Beware online fraud during the seasonal property rush

Content: 

01-12-2017

In this festive season it is important to remember that not everyone will be thinking of peace and good will. Criminals see this manic period as the perfect opportunity to steal from preoccupied members of the public, with an increasingly popular method being online fraud.

Online fraud doesn’t just include retail fraud or selling scams. As one of the busiest times for conveyancing transactions, over the Christmas period, on a daily basis, thousands of people will be buying and selling their homes and millions of pounds will be passing between clients, banks and solicitors. With such large sums involved, online fraudsters target this as an extremely attractive market for their crimes.

As you would expect, the fraudsters’ methods are progressively more sophisticated and there are consequently many unwitting victims. Sadly everything may appear normal until your money disappears. So to highlight this, here is an example of one online scam that a major high street bank says is taking place:

Fraudsters are currently hacking into email chains between a house buyer or seller and their solicitors. The fraudster monitors the communications using malware that looks for key words like house purchase, deposit, buy and payment – and then they make their move. They hack into the email account and contact the client disguised as the solicitor’s company they have been liaising with. The fraudsters tell the client by email that the solicitor’s bank account details have changed or they amend the account number before the client gets it. The fraudsters give the details of the ‘new’ account for the deposit to be sent. Unknowingly, the client transfers their money to the ‘new’ false account. The false account is owned by the fraudster, leaving the solicitor or client at a substantial financial loss. Unfortunately in these circumstances, the bank cannot recover the funds because they are authorised.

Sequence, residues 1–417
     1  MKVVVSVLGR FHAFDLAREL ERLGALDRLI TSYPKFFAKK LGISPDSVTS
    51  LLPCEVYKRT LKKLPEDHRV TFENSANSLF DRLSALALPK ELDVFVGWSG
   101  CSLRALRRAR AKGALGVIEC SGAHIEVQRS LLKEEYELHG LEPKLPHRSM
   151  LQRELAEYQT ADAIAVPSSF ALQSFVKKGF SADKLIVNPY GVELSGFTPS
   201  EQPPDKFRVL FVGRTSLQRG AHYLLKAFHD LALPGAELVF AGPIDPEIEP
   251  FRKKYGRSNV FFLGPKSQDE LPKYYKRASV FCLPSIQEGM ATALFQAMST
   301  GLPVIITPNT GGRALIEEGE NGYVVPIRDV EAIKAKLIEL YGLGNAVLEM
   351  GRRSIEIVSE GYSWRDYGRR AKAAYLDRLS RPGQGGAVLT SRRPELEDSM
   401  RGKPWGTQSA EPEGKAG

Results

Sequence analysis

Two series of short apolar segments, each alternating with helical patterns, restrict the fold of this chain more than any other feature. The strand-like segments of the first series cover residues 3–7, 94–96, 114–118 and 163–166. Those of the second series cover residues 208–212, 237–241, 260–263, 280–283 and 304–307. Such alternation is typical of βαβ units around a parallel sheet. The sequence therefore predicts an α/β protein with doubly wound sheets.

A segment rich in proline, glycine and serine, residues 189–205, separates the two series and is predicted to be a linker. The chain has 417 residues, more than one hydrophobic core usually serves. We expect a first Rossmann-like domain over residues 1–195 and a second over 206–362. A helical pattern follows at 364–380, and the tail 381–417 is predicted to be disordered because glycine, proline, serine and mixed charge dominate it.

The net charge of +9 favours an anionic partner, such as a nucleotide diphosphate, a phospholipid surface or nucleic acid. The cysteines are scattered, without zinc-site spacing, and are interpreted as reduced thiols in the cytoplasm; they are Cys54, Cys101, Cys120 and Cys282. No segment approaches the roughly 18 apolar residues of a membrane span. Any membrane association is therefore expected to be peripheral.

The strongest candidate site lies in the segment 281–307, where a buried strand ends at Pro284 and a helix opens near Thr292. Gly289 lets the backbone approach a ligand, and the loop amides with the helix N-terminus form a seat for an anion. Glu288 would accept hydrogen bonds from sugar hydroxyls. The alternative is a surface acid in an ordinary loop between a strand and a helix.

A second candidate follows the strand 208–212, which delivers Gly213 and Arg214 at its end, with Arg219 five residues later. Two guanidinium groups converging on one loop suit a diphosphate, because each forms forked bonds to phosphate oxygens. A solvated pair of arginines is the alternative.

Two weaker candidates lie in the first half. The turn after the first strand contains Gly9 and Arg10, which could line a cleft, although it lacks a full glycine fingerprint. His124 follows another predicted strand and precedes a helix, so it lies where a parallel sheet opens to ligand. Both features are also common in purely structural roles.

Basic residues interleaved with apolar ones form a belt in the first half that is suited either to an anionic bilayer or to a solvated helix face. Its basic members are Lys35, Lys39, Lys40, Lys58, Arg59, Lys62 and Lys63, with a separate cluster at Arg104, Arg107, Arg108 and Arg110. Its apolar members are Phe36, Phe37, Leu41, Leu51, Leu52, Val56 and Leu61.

However, at County Solicitors, working with our regulators, we have been aware of this and similar scams for some time. As such, we take a number of steps to prevent their infiltration; this includes always confirming any change of bank account requests with the client, another solicitor or, in the case of corporate transactions, a colleague making the change. We also undertake a search on a lender’s system which independently confirms another solicitor’s bank account. Then, when any request is made, we always refer to the original contact, with their original email or correspondence address, not the new address requesting the change.

So what can you do to protect your money and prevent such fraud? •

Think carefully about all emails you open, as just by doing this could download a virus onto your computer. This could then track the input of passwords and user names and send them back to the fraudster. Your anti-virus software should alert you to such activities but prevention is better than the cure. •

Don’t feel pressured into changing any bank details. If you receive an email stating a change in the bank details, you should ring the solicitors on a previously used telephone number. Ask to speak to your regular contact if needs be. •

Check the email address carefully and if in doubt phone the solicitor to check the information is correct. •

Buyers and sellers should avoid using public Wi-Fi systems to check emails when house purchases are being made. Fraudsters can easily hack into vulnerable Wi-Fi systems. •

Never access your online banking from a shared computer. •

Avoid sharing social media posts about buying/selling your house. Fraudsters may get hold of this information and know the next step is a large financial transaction.

While the increase in online fraud is concerning and requires more online vigilance, these worries need to be balanced with the huge improvements in speed and efficiency that the internet has delivered. Thankfully there is no more waiting for cheques to clear before the keys to your home can be handed over.

Now with the necessary checks and safeguards in place, and a little common sense, as buyers and sellers, you, your Lenders and Solicitors can ensure your property transaction proceeds is fast, efficient, secure and hopefully stress free.